“In my experience, Germans usually try to persuade in a fairly logical manner and in that sense are not dissimilar to Americans. I have noticed a tendency, however, to assume the audience thinks like they do, shares their general views of the world, etc. In selling something (products, ideas) it would seem useful to prepare the ground a bit more before going forward.”
Your question has three parts. All three are highly relevant. Let’s address them one by one.
„Germans persuade in a logical manner … not dissimilar to Americans.“
Yes, both cultures have so much in common. Their deepest roots are common: Judeo-Christian faith, Greek philosophy, political structures influenced by the Romans, the rule of law, human rights, democracy, market-driven economy, language, generations of close contacts on many levels, and so much more.
And although Americans are made up of many cultures, Americans as a people, and America as a culture, is still primarily European. The German influence on American has been especially significant, in both the past and the present. Americans and Germans are relatives in an extended family.
This fact makes their cooperation that much more complex. Does this sound counter-intuitive? Only apparently so. For the differences﹣deep and subtle﹣are not suspected, not anticipated, therefore neither seen, much less articulated.
Germans and Americans can certainly succeed in their cooperation without addressing these subtle cultural differences, but they can succeed even more if they do. Your question makes that point indirectly.
„… a tendency, however, to assume the audience thinks like they do ….“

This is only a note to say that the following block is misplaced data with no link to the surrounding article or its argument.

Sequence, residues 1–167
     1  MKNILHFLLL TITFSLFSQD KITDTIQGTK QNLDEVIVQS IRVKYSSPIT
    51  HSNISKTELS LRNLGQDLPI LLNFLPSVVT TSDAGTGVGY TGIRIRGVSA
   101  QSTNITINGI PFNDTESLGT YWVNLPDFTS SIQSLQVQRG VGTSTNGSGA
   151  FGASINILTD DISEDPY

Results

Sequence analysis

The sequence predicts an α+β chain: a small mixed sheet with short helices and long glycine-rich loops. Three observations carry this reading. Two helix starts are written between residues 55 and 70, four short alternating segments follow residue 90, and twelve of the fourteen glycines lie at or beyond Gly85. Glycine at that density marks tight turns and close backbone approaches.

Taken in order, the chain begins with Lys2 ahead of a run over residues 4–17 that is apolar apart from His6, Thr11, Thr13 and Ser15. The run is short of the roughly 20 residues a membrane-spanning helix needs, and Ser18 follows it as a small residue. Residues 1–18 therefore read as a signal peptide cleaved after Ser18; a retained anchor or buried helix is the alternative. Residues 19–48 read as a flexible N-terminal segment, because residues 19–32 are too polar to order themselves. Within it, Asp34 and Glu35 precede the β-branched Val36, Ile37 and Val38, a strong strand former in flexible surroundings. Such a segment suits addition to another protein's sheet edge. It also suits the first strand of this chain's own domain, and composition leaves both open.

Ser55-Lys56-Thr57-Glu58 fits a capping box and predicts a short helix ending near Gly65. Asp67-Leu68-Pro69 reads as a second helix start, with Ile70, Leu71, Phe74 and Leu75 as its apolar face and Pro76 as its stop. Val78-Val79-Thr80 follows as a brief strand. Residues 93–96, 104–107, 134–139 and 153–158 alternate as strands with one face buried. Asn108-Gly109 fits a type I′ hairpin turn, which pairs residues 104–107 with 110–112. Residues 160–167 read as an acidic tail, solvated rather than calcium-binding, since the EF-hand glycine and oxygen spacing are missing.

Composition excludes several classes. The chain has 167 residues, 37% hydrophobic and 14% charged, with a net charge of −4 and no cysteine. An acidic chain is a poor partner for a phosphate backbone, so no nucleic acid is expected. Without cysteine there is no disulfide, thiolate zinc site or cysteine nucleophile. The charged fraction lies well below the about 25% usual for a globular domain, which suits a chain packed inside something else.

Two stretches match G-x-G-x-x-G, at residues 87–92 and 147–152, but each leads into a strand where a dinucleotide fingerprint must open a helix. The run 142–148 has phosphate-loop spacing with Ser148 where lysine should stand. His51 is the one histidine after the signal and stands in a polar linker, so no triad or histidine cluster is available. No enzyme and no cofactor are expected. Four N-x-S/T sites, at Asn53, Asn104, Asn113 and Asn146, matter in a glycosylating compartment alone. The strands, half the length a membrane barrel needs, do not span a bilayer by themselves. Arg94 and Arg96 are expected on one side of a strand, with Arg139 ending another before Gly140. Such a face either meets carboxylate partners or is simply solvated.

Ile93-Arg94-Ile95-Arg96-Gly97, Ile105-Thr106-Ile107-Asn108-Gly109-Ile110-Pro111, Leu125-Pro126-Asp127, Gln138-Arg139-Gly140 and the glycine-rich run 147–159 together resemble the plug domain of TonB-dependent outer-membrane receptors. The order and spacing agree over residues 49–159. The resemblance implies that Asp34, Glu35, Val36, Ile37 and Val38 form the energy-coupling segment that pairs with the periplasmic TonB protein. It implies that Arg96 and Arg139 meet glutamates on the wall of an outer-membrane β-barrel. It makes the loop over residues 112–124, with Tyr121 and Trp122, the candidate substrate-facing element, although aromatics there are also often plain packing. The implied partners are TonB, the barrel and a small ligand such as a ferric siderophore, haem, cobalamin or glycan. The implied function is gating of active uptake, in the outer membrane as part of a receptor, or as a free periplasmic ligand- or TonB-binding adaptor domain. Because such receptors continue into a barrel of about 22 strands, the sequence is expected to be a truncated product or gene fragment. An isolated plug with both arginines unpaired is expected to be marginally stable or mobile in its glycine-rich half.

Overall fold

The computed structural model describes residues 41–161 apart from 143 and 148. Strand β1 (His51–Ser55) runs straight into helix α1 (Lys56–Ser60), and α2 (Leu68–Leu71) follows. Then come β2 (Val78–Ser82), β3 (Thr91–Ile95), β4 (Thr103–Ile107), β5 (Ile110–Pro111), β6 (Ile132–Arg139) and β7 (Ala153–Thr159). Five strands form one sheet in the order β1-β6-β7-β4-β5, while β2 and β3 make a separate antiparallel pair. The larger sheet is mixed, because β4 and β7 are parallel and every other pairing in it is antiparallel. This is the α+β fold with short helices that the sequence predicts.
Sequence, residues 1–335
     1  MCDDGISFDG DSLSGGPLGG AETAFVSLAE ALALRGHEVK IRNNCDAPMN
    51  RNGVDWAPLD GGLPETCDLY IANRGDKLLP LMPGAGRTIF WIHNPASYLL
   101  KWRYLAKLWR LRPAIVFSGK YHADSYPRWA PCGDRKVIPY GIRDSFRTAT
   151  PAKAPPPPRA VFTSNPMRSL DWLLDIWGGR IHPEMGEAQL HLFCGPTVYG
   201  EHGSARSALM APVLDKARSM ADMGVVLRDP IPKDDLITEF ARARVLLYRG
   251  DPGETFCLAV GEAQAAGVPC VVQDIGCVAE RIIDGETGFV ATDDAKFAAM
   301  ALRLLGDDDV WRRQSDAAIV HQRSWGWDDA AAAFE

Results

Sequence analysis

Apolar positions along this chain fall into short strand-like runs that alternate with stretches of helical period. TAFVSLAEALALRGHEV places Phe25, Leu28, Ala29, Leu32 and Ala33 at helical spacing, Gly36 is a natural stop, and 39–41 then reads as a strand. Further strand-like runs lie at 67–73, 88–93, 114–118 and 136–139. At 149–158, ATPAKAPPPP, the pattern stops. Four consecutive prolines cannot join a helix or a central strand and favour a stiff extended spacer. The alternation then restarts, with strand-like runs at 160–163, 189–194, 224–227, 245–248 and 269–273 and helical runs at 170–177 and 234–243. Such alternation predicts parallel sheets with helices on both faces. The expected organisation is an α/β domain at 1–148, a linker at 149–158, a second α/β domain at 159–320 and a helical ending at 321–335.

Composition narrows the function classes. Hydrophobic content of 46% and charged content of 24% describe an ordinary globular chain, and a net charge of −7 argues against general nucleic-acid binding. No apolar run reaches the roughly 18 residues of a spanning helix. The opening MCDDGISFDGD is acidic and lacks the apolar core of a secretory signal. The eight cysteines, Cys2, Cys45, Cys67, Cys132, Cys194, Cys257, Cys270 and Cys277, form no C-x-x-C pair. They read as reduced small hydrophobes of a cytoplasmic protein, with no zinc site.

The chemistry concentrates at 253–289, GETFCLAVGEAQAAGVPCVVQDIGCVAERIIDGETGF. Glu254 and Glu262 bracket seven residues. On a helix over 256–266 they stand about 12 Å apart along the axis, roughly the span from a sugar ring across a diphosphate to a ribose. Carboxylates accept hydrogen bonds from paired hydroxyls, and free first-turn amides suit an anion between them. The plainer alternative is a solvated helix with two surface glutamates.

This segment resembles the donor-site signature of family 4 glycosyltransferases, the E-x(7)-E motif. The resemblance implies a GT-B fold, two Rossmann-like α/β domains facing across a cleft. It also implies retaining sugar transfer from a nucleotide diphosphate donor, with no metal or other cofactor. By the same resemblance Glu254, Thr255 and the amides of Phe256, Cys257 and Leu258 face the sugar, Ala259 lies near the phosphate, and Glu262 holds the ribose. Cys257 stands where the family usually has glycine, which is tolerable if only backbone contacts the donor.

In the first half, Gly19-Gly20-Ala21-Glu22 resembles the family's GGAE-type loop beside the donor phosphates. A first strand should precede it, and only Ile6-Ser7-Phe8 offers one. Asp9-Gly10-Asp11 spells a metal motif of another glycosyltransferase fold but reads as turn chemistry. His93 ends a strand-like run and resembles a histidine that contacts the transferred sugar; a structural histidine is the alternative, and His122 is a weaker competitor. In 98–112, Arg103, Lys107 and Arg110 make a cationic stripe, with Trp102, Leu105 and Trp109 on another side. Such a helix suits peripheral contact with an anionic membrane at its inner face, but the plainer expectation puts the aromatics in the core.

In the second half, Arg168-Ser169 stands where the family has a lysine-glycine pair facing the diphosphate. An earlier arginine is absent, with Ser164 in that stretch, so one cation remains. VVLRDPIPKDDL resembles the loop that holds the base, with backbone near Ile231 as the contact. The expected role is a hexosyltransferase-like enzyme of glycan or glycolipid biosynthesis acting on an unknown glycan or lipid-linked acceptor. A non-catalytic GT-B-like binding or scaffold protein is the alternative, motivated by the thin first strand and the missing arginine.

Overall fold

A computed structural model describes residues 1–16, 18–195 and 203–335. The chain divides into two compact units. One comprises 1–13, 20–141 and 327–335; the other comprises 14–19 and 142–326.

Which we all do. Don’t we all assume that our way of thinking is universal and not formed and driven by our particular, specific national culture? Is it not the case, that we see our approach to persuading as human and not as American- or German-human?
When I reflect on my first years in Germany, my operating assumption was that Germans were Americans who just happened to speak German, live in a different country, have a different history, etc. The readers of this are certainly welcome to laugh at me.
And I laugh at myself, too. It did not occur to me until I had lived in Germany for roughly five years that the Germans thought in many ways much differently than I did. It fact, it did not occur to me at all. It was pointed out to me by a German who was working in the cross-cultural field.
It is only when we experience a different reaction to what we think is clear, straightforward, obvious, that we realize – if we’re fortunate enough to realize ourselves or have pointed out to us – that there are other ways of thinking, that there are differences, many very significant, between how Americans and Germans think.
This goes to the heart of the matter, Matt, to understanding those differences in our national cultural hard-wiring, differences in our most basic operating assumptions, the coordinates of our thinking.
„In selling something … useful to prepare the ground .…“
Yes! And it is there that CI is trying to make a contribution. The first step is to understand the differences. In this case between how the two cultures fundamentally persuade.
The second is to anticipate the influence of those differences on how a message﹣our message﹣is understood, or as is often the case, not fully understood or even misunderstood. The third step is to then adapt one’s message so that it, indeed, does come across persuasively.
We „prepare the ground“ by taking those three steps. Please see CI’s analysis on Persuasion.